If you're going when the weather is warm enough to go to the beaches, go to Malibu. Go to a Whole Foods, of which there are plenty, and get fruit and snacks so you can comfortably lay out all day, as there's not much to do or places to eat around there. We had the opportunity through Danise's work connection to go to Mastro's Beach Club which overlooks the water, and I saw the reflection of the sun setting over ocean through someone's glass of water. Poetic, right? Santa Monica and Venice Beach are not super appealing because they are so touristy. I go to Cape May in New Jersey every year and Santa Monica emanates vibes like the Wildwood boardwalk. But if you're down to check out cheap t- shirt shops and overpriced dispensaries, I'd go for it.

Silverlake has the best nightlife and dive bars. The Satellite has live music so I'd check that out to see if there's anyone interesting playing. We stayed in this Air B&B which was walking distance to Sqirl and several bars and restaurants; it was one of the nicest Air B&B's I've ever booked. The hosts leave many recommendations in the area as well.


Catalina Island


We took a day trip from LA to Catalina Island, which is close proximity to Newport Beach, where we stayed in a less than clean Air B&B. There was a Groupon available for the ferry to Catalina which is quite pricey otherwise. The ferry leaves at 9 am and returns at 4:30 pm. Honestly, there wasn't much to see or do culturally, other than walk around touristy shops, and check out an old converted casino which is now a historical center. However, the views were astonishingly beautiful and the entire island has several towns where you can visit. One of the highlights was getting a drink at Descanso Beach Club. That link has all of Catalina's (probably somewhat overpriced) activities. After returning to Newport Beach, Jackson and I went out for Thai that night while Danise and Ming went out to Nobu, a high end sushi restaurant. This definitely broke up the time between LA and Palm Springs and gave us a different atmosphere for a day. In all honesty, you could skip Catalina island but if the Groupon for the ferry is available and you find a place to stay, it may be worth it.


Palm Springs + Joshua Tree


Ace Hotel - Funky, hip hotel with both an indoor and poolside bar, restaurant, and spa. There is a karaoke night on Tuesday, which starts at 9 pm (no, I didn't go because 9 pm is nearly past my bedtime). The highlights are the A+ aesthetic packaging of the minibar snacks, the artisan objects that are actually for sale in the rooms, and collaborations with artists: each year they have a different artist create a mural on one of the building's facades. The ladies below were painted by Laura Berger.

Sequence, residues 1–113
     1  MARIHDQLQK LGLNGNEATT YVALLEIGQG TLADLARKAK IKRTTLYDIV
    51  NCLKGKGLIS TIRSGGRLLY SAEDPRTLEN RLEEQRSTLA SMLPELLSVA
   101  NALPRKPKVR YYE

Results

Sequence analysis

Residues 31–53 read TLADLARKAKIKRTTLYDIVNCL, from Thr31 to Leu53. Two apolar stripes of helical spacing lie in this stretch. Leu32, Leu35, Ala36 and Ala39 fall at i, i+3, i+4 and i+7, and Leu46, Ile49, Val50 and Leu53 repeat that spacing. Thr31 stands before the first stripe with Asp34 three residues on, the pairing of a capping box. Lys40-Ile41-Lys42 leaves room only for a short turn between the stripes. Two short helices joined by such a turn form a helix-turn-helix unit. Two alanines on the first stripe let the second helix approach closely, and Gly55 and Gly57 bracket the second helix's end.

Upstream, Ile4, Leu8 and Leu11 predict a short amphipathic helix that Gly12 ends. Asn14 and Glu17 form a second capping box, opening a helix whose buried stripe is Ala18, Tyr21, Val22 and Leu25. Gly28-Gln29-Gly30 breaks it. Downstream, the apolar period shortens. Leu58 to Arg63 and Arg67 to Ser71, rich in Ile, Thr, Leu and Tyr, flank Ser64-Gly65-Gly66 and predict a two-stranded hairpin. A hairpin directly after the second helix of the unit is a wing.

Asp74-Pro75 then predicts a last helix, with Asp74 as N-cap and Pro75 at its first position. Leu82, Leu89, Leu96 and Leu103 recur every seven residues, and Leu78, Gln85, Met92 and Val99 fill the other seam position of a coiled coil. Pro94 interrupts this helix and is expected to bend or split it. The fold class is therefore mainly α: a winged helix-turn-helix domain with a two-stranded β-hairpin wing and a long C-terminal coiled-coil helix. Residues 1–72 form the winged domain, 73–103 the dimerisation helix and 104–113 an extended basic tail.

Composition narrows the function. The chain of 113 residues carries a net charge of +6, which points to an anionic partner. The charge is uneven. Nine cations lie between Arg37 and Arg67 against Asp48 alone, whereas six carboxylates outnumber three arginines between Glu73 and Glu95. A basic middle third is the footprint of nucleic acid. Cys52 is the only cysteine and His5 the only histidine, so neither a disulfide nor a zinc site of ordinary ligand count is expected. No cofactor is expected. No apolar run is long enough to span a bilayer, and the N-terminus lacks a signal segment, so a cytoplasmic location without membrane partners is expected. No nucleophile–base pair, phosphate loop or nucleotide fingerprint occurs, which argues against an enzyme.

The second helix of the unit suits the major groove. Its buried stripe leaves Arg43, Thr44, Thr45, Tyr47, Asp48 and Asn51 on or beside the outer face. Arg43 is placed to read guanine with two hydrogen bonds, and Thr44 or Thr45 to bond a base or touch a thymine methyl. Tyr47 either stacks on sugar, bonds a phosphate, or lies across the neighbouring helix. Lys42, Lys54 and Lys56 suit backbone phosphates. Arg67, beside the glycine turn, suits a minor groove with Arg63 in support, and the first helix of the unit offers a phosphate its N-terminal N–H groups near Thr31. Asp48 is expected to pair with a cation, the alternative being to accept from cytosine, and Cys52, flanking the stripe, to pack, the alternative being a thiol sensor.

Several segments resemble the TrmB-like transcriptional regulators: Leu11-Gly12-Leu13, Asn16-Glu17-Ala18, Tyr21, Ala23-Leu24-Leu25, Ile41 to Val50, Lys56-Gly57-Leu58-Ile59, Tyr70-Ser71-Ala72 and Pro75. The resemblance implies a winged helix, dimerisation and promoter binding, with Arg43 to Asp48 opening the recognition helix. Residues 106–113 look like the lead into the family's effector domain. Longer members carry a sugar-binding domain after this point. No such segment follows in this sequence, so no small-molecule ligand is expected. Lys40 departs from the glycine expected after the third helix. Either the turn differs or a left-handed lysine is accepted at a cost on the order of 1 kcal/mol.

Cheeky's - Breakfast and lunch spot in downtown Palm Springs. They have vegan/vegetarian options, and the menu changes weekly. They're also closed on Tuesdays.

Lappert's - Ice cream...dessert...Dole whip and date shakes... I got a dairy free date shake, which was basically a super creamy milkshake made with coconut milk ice cream and a date paste. Yum.

Pelago - New midcentury-modern style furniture. Beautiful, airy showroom with a wide selection of new pieces that are super affordable.


Joshua Tree

The landscape was so dreamy, especially with an overcast sky. I read The Alchemist on the plane coming to LA and wanted to invoke the mystery of the desert within myself as I walked through the surreal environment of the park. The cloudy, then cloudless sky foretold the wildly fluctuating temperature throughout the day. Walk through the cholla cactus garden, hike one-mile through the Hidden Valley, and try to spy on a bighorn sheep at Barker Dam. We spent about 6 hours in Joshua Tree, Barker Dam being our last stop. The park rangers told us we might see wildlife on this trail, but the lake where the sheep tend to stop was totally dry. At the very end of the trail two sheep were standing above us on a rock, practically posing for a photoshoot.

On the way back to Palm Springs we stopped at Kasa Market, a Mexican grocery with a taco shop in the back. We were so hungry at this point, and were lucky enough to snack on pickled jalapeños from the salsa bar while we waited for our food. This is a no-frills, authentic dining experience.


To conclude, this post might have been more insightful had I written it right after returning home. But I have been commuting outside of DC for work every day and my energy continually escapes me once I arrive back in Baltimore. I have a two-month trip to Asia planned starting in January, so expect more writing then :-).

Do you have any other recommendations for food, drink, art, etc? Any places that should be on this list, or another route or stop along the way from LA to Palm Springs?